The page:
Advantages of Objective Exams

With exam creation software, it is simple, cheap and efficient to mark objective item tests because a computer can process yes or no answers, or multiple choice responses.

Students can generally respond to these types of questions quite quickly. As a result, they are often used to test student’s knowledge of a broad range of content. Creating these questions can be time consuming because it is often difficult to generate several plausible distractors. However, they can be marked very quickly.

True/false questions are only composed of a statement and have only 2 possible answers ‘true’ or ‘false’, therefore answering the test or marking it becomes very quick.

MCQ type questions allow students to respond quickly large number of questions can be used to test the knowledge in a broad range of content, or a vast number of test takers. Students can answer 60 multiple choice questions in an hour but only 1 essay. Scoring MCQ s is not only much faster than scoring an essay, but also much more objective compared to marking an essay.

Students can write long roundabout answers to essay questions and as teachers hate giving zero marks for an essay even when it doesn't say anything meaningful on the topic, the student will get some marks. On the other hand Objective type exams are generally more reliable and students can’t bluff the answers.

Writing skills, spelling, neatness etc will not get in child's way.

Objective type tests are unbiased in the sense that the teachers' preconceptions of a student cannot influence marking. Since the answer key is unambiguous any person marking will have to give marks for the same correct answer, unlike an essay where the same essay can get from 0 to 100% marks, based on the teacher’s thinking.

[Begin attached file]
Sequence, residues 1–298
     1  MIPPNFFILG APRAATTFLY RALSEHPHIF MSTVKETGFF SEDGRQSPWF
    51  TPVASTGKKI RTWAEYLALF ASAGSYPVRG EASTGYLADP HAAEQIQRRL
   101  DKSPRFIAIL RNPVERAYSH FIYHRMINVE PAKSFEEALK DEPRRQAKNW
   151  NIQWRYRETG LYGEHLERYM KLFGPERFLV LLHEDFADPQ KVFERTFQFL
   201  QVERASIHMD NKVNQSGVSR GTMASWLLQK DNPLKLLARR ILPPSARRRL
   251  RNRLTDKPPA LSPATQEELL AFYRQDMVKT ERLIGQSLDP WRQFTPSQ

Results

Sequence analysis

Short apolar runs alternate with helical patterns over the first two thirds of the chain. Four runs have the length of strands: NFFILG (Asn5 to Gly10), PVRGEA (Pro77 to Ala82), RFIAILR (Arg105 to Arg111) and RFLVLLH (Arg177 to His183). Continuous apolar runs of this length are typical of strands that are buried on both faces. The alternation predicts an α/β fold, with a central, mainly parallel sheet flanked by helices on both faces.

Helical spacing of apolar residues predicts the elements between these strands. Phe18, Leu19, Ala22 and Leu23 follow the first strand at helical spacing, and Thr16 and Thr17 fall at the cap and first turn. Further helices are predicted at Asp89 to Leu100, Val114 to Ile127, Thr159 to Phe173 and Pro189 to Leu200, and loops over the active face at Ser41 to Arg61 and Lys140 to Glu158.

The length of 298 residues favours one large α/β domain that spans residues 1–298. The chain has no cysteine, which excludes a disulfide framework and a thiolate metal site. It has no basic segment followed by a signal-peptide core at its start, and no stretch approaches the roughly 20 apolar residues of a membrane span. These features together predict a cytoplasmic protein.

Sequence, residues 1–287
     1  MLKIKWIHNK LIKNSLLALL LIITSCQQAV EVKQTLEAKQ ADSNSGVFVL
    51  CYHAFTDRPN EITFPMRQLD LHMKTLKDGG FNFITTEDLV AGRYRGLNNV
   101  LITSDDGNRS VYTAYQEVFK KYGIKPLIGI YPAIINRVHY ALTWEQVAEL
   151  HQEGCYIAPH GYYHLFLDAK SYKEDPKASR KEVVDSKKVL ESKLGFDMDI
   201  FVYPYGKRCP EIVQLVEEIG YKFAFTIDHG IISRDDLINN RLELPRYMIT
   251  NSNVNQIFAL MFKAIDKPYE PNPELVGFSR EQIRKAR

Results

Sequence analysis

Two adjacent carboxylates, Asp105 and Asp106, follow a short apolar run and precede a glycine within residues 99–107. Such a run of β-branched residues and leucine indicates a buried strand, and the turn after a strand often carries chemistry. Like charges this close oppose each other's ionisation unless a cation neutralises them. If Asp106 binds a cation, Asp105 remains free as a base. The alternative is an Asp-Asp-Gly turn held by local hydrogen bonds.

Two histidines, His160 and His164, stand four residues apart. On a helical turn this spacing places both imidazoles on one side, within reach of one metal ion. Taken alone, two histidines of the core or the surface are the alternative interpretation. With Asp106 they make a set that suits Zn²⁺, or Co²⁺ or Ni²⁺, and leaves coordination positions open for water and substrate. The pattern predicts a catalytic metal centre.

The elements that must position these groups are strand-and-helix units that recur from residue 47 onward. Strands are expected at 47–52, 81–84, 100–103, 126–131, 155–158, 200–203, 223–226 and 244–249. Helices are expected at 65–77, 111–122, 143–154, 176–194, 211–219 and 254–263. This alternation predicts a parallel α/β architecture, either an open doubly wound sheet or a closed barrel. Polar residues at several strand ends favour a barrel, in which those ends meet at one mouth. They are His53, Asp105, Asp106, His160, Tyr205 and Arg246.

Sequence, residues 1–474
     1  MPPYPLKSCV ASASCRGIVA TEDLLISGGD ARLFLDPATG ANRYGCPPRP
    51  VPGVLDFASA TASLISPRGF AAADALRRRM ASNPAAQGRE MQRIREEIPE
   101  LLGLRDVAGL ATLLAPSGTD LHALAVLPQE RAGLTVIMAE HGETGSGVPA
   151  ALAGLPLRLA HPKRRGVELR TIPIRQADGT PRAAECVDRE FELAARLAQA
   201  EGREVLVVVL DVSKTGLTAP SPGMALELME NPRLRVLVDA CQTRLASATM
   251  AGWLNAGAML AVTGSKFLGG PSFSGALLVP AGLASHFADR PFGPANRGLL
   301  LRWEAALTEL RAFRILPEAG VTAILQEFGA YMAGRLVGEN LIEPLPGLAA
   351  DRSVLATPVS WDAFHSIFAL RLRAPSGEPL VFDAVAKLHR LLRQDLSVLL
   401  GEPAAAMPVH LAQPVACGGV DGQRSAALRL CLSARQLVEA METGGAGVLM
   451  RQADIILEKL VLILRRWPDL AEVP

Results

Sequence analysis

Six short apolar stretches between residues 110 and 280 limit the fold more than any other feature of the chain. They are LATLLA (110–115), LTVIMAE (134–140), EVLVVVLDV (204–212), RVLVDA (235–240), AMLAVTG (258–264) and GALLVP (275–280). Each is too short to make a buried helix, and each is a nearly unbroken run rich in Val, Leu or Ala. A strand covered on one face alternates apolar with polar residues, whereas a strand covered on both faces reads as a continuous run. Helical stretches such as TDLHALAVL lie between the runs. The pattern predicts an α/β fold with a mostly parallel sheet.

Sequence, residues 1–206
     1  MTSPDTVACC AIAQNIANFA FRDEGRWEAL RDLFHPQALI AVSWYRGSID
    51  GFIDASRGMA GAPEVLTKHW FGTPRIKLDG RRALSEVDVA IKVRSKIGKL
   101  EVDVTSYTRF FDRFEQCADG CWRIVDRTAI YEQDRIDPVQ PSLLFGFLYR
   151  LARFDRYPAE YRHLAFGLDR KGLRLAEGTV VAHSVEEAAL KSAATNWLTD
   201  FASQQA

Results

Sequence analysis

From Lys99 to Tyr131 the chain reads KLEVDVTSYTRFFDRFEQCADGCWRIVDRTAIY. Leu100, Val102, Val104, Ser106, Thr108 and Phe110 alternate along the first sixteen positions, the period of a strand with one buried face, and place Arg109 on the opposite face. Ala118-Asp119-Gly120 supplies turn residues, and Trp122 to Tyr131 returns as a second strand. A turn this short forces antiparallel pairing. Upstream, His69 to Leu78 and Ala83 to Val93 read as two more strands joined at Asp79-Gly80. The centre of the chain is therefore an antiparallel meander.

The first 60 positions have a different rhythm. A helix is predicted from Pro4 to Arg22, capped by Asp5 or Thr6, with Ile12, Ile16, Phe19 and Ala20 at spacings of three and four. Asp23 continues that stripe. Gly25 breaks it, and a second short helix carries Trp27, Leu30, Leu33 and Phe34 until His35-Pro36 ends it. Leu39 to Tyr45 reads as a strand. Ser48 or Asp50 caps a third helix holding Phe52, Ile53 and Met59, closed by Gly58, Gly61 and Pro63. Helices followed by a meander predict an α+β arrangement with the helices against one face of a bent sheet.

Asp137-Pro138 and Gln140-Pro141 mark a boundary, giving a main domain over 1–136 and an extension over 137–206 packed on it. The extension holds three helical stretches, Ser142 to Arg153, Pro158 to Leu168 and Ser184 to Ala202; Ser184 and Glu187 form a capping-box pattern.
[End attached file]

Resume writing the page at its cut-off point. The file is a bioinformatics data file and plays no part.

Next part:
They are fairly useful as pre-tests since they are quick and not looking for higher level thinking so much as knowledge of the topic.

Disadvantages of Objective Exams

Most types of objective tests are limited to factual recall only and do not reveal the thinking process of the learner.

Students don’t get an opportunity to practice and demonstrate their writing skills; therefore it is not suitable for language skills testing.

True/false questions provide students with a 50% chance of guessing the right answer. If the student is test-wise then a student can get the right answer without really knowing the subject matter.

Objective tests often test skills other than those that the teacher intended as they sometimes require too much reading comprehension and abstract thinking.

In subjects like maths, the teacher cannot see where the child went wrong while doing a sum, as well as how he/ she got the right answer. Students may also lose out as they cannot get partial marks for correct steps towards arriving at an answer.

There is danger of sabotaging the purpose of work done in the classroom if students know that none of that higher thinking class discussion counts, and later testing will be only for recall of names and dates. If students can't display higher thinking in exams then teachers can't observe it also, so it is a limited diagnostic tool. These tests fail to provide a learning experience for students because usually they only require good memory and recall, so over-reliance on objective tests encourages rote memorization.

Objective questions can test knowledge and to some extent understanding and application of knowledge. But subjective exams can test more levels on Bloom's taxonomy (analyze, evaluate). Objective exams should therefore be balanced with other forms of evaluation in order to get the real picture. Yet when large volumes of people are to be tested Objective tests are used prolifically, just because of the ease of administering and scoring!